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Date:      Wed, 7 Mar 2012 15:34:10 -0500
From:      David Jackson <>
To:        Benjamin Tovar <>,
Subject:   Re: Still having trouble with package upgrades
Message-ID:  <>
In-Reply-To: <>
References:  <> <> <> <> <>

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On Wed, Mar 7, 2012 at 2:12 PM, Benjamin Tovar <> wrote:

> On Wed, Mar 07, 2012 at 12:57:46PM -0500, David Jackson wrote:
> >
> > So it seems like a happy compromise here. You will get what you need
> > and us newbies and other users who really dont want the extra
> > trouble of compiling will get our binaries. Everyone gets what they
> > want and is happy, it seems.
> >
> Yes, this sounds awfully good, except that I think it is much harder
> than you think. First, some options are mutually exclusive
> (i.e. ncurses vs slang)... so, maybe there are two, or three versions
> of the same package... and again, this sounds awfully good, except for
> the limited and volunteered time of a port maintainer. A happy
> compromise might be then to have binary packages of popular ports,
> which is how we have it now.
its really not that difficult and this is not an issue tht cannot be dealt
with in the default binary package configuration. Both slang and ncurses
could be installed and applications could be linked to one or the other. If
ncurses is a better choice for instance, it couild be by default linked to

So if a package has a choice oif being linked to ncurses or slang, then one
package will be built, linked to ncurses or whatever is the generally best
option and that build of the application will be the binary package.

The point i would like to make is, for us to have good binary packages, we
dont need to create a different package for every combination of compile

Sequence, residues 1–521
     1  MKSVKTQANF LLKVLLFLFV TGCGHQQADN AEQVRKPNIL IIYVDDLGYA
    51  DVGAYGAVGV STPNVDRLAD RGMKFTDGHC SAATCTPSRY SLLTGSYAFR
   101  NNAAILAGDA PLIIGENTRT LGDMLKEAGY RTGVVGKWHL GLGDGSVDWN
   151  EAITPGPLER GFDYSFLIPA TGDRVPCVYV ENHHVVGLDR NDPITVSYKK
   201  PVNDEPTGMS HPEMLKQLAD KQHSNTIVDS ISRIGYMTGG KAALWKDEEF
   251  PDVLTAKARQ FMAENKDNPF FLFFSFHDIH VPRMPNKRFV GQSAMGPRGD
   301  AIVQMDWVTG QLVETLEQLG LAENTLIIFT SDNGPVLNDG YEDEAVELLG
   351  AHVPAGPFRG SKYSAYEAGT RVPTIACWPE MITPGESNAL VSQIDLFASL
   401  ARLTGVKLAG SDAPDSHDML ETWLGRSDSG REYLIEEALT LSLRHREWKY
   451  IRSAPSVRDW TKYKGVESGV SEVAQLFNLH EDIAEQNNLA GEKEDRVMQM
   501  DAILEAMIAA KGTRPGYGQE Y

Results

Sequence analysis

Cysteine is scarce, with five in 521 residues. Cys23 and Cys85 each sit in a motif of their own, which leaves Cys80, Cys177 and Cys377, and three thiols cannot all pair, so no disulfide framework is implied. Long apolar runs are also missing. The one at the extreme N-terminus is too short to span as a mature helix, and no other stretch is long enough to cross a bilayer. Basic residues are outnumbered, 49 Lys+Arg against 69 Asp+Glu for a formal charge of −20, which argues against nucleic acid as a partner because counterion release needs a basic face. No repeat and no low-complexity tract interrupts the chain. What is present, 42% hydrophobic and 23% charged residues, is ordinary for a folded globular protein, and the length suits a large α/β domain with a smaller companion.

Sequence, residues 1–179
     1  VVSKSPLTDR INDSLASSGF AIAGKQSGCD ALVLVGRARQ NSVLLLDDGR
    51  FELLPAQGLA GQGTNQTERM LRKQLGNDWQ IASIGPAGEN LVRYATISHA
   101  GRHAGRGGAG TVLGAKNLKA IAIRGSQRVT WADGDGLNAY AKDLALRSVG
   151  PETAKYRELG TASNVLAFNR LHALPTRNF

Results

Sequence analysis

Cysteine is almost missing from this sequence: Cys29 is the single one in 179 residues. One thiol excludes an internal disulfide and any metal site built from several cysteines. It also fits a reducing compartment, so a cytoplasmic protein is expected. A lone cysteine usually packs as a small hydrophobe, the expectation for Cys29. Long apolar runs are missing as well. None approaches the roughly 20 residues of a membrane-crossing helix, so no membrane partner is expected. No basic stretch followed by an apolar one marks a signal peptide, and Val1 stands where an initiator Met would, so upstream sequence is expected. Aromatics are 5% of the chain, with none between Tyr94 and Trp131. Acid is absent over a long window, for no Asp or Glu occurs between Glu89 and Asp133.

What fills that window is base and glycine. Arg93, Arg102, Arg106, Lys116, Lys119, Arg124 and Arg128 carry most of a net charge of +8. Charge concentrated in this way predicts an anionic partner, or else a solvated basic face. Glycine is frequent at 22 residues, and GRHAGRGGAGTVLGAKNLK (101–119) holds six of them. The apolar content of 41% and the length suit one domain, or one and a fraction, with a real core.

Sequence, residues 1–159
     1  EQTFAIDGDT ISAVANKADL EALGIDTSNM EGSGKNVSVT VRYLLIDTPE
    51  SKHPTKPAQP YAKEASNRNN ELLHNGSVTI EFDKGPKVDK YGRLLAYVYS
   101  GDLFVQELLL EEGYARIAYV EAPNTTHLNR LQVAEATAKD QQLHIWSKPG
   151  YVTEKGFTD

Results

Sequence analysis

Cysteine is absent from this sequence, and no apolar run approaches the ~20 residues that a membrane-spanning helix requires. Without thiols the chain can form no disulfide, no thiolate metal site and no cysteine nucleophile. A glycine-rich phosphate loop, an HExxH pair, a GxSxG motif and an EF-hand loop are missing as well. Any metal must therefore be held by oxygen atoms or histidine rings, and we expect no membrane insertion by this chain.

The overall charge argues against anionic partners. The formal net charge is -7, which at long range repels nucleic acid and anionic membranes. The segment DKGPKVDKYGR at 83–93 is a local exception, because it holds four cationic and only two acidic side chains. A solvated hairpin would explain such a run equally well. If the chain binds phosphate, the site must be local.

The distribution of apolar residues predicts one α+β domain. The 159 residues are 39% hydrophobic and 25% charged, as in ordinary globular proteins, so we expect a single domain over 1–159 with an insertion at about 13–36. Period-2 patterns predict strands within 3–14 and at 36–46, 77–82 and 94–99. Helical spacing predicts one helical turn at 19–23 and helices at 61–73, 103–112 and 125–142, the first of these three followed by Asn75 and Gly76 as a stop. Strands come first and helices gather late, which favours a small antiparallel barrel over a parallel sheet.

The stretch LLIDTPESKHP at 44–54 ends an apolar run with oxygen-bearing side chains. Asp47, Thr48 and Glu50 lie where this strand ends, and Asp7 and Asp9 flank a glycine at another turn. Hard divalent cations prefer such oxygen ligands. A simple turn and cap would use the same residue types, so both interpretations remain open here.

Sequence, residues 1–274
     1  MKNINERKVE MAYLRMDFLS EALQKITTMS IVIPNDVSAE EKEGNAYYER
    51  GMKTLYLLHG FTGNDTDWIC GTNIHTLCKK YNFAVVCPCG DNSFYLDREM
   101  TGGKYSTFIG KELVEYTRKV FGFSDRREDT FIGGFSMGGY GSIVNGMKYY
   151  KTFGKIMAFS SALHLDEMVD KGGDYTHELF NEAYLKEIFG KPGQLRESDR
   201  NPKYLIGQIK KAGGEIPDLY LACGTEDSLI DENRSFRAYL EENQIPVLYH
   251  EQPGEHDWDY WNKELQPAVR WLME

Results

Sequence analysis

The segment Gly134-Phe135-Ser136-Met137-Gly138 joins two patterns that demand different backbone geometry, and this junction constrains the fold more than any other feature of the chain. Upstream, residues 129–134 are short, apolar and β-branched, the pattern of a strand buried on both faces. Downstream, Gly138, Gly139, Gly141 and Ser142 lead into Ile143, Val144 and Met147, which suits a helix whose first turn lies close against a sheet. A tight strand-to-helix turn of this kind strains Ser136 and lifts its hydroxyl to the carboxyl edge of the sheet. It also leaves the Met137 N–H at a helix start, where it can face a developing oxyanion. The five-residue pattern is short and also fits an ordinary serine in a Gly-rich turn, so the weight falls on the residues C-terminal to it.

time options, but instead compile with the best default set of options. If
a user wants more flexibility than that, they are free to compile with
ports. the availability of a binary package in no way whatsoever limits the
availability of the option to compile a port if the user wants to do that.
its not an either or thing.

Where two options are mutually exclusive, the best option should be chosen.
Where the two options are not mutually exclusive and add a feature or
capability to the software, the option can be included. run time
configuration settigns should be set to the most reasonable values.

> Second, and I think this the most important reason, ports put the
> responsibility of the system on the user. They force you to make
> decisions on exactly what software is installed. You want the
> stability and freedom of FreeBSD without this responsibility, and this
> seems very hard to compromise (e.g., macosx and most linux
> distributions remove the responsibility by making all these choices
> for you).
> Is this newbie friendly? Probably not. Does it need to be? Well, it
> would be nice if more people use it, but if we remove the
> responsibility from the user, then it would not be FreeBSD, it would
> be something else. (Like Debian GNU/kFreeBSD, which sounds like what
> you are looking for.)
The fact is, again, allowing the user to not go into that kind of detail
and not mess around with compile time options, does not prevent in any way
you from doing so. the OS should be about freedom, Not YOU forcing your
ideas about how the system should be used on everyone else.

as I repeatedly said, you are free to configure your applications compile
to your hearts content, i support you having that freedom.You are the one
in fact who has been trying to take away my freedom of not having to mess
around with compile options if I dont want to.

> --

 just let users decide if they want to compile port or use pre compiled
package for themselves

> Benjamin Tovar

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